Foundations of Physics Group


   • Entanglement and Non-locality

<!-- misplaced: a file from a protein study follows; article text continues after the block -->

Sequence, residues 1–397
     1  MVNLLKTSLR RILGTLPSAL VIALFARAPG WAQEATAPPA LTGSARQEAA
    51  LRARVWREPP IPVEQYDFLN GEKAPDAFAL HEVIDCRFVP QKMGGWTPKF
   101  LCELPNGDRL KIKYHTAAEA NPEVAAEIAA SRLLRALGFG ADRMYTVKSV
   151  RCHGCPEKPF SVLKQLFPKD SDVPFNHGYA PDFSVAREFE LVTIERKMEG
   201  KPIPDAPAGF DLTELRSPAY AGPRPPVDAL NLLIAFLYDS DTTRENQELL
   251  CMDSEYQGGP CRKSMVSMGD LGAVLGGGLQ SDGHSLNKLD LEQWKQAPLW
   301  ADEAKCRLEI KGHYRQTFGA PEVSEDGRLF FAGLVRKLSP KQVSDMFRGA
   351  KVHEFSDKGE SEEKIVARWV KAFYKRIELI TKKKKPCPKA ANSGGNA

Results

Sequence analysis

Quantum entanglement was first viewed as a source of paradoxes, most noticeably the Einstein-Podolsky-Rosen paradox (EPR) , which explicitly suggested that any physical theory must be both localand realistic. Afterward, Bell showed that the correlations among the measurement outputs of space- like separated parties on some quantum states cannot be reproduced by a local theory. Bell’s theorem is the first place where the locality assumption is quantified. These conditions then manifested themselves in the so-called Bell inequality, where locality is a crucial assumption but is violated by quantum mechanical predictions. In the Bell’s terminology, quantum mechanics is not a locally causal theory. In what has become standard terminology, this fact is often referred to as quantum non-locality and has been recognized as the most intriguing quantum feature.  Over the past thirty years a very large number of experiments have been conducted with the aim of testing the predictionsof quantum mechanics against those of local hidden-variable theories. All of them give strong indications against  local hidden variable theories. Non-locality is a fascinating chapter of physics and has attracted much attention since its discovery because it relates two fundamental  theories of nature, special relativity and quantum mechanics.



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